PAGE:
A systematic review and meta-analysis of school based programmes to prevent childhood injuries
Unintentional injuries are the leading cause of death in children aged 5-19 and are a major cause of ill health. They place extra demand on the healthcare system, including primary care, and are largely preventable. The school setting offers the opportunity to deliver preventative interventions to a large number of children and has been used to address a range of public health problems. The aim of this Cochrane systematic review was to evaluate the effectiveness and cost-effectiveness of school-based education programmes to prevent unintentional injuries in children and young people.
A total of 28 electronic databases and websites were searched up to June 2015. We included randomised and non-randomised controlled trials and controlled before-and-after studies of primary and secondary prevention interventions, delivered in the school setting, aimed at a range of injury mechanisms. The primary outcome was self-reported or medically-attended unintentional (or unspecified) injuries and secondary outcomes were observed safety skills, observed behaviour, self-reported behaviour and safety practices, safety knowledge and health economic outcomes. Pairs of review authors identified potentially relevant trials from title and abstracts of studies identified in searches and pairs of review authors extracted data from full text reports of included studies and assessed risk of bias. We grouped different types of interventions according to the outcome assessed and the health topic targeted. Where data permitted, we performed random effects meta-analyses to provide a summary of results across studies.
We included 27 studies reported in 29 articles. Interventions comprised information giving, peer education or were multi-component. Seven studies reported the primary outcome of injury occurrence and only 3 of these were similar enough to combine in a meta-analysis with a pooled incidence rate ratio of 0.76 (95% CI 0.49, 1.17) and significant heterogeneity between effect sizes (Chi² = 10.38, df = 2, P = 0.006; I² = 81%). The three studies included the provision of information for parents, mass media campaigns, peer-led education classes, injury themed games and safety campaign weeks. Safety skills reported in 2 studies showed significant improvement, as did all 4 studies reporting observed safety behaviours and 13 out of 19 studies describing self-reported behaviour. Nineteen of 21 studies reporting changes in safety knowledge found an improvement in at least some question domains in the intervention compared to the control group. Only one study reported intervention costs but the authors did not undertake a full economic evaluation.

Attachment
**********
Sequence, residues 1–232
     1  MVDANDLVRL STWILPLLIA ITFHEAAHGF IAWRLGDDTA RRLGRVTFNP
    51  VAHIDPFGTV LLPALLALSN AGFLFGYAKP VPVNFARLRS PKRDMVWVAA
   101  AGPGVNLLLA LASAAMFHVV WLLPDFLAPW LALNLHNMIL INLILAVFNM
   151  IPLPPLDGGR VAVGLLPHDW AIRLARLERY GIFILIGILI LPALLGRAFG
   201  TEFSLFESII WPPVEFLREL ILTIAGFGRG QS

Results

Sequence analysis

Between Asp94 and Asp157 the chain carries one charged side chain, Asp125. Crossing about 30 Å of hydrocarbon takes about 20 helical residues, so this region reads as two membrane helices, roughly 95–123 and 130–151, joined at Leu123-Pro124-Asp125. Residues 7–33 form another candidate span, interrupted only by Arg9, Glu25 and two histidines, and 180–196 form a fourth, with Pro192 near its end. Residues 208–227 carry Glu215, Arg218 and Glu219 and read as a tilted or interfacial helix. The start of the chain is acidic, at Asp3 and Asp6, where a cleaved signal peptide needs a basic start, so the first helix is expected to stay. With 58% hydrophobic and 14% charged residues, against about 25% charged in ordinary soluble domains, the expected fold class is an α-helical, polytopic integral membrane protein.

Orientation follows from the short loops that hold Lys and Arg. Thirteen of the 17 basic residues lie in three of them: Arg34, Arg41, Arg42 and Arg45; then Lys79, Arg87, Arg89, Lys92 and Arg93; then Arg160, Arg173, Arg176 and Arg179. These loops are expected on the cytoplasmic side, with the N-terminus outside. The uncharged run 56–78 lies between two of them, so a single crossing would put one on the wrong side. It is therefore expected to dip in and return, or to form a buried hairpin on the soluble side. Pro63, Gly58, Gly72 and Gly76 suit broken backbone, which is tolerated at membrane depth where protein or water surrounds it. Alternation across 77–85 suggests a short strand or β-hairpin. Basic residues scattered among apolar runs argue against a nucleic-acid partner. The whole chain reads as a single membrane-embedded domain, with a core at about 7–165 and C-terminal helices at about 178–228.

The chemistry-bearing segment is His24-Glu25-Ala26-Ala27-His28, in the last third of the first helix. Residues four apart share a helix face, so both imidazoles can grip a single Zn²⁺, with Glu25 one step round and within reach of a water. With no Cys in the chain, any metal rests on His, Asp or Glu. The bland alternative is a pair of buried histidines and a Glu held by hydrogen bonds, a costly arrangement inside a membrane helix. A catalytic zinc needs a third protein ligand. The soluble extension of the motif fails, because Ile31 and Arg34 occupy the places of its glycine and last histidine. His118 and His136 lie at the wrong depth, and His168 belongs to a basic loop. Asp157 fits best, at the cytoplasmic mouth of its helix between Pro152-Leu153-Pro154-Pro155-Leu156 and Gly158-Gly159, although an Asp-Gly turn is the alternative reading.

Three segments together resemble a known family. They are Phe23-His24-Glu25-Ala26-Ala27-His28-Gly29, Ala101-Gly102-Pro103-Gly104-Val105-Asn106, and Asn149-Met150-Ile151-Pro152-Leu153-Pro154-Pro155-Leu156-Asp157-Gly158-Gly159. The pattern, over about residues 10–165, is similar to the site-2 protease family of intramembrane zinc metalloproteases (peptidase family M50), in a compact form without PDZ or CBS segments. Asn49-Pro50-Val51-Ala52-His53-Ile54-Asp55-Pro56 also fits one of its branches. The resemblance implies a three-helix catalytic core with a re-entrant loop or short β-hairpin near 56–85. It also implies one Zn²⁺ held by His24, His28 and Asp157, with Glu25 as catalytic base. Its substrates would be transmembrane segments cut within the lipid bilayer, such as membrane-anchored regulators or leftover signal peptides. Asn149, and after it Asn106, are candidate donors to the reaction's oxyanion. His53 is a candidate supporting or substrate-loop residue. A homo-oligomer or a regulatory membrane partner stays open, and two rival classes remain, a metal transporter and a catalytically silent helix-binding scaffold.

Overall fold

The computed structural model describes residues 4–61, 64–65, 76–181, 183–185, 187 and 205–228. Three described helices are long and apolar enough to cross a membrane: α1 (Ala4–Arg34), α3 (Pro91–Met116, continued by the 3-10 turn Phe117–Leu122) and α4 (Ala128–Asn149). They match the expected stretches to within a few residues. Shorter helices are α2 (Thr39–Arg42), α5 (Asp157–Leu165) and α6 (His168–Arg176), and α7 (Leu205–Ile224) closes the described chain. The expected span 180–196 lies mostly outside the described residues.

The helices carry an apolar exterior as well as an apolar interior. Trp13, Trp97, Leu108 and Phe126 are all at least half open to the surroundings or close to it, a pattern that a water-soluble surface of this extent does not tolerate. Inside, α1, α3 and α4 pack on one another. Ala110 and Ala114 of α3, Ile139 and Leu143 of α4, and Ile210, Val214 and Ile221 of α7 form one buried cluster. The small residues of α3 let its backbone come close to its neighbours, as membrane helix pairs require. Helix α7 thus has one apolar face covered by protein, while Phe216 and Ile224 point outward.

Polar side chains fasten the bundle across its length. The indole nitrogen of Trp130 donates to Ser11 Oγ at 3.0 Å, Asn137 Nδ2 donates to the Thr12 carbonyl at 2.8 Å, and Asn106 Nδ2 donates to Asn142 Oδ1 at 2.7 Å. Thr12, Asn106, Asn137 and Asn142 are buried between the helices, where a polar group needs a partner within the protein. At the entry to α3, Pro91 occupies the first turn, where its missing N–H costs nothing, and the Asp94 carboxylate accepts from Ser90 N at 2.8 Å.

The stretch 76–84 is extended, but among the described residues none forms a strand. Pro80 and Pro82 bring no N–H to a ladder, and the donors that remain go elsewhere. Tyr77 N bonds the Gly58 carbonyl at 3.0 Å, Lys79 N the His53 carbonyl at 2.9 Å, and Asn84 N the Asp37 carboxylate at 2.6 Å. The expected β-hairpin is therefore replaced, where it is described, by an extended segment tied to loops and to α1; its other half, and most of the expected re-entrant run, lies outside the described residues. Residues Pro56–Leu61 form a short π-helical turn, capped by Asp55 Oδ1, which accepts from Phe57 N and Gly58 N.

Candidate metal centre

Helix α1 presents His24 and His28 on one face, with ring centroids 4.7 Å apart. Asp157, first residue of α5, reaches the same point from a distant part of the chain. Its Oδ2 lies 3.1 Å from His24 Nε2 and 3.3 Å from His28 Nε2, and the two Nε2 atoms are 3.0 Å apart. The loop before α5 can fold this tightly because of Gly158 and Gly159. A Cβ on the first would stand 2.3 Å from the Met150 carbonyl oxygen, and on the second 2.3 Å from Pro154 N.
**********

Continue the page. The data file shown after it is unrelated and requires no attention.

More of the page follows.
There is good evidence that school-based injury prevention programmes improve safety knowledge, skills, and behavior and should be considered therefore as part of a whole-school approach to health and well being. We found insufficient economic studies to assess cost-effectiveness.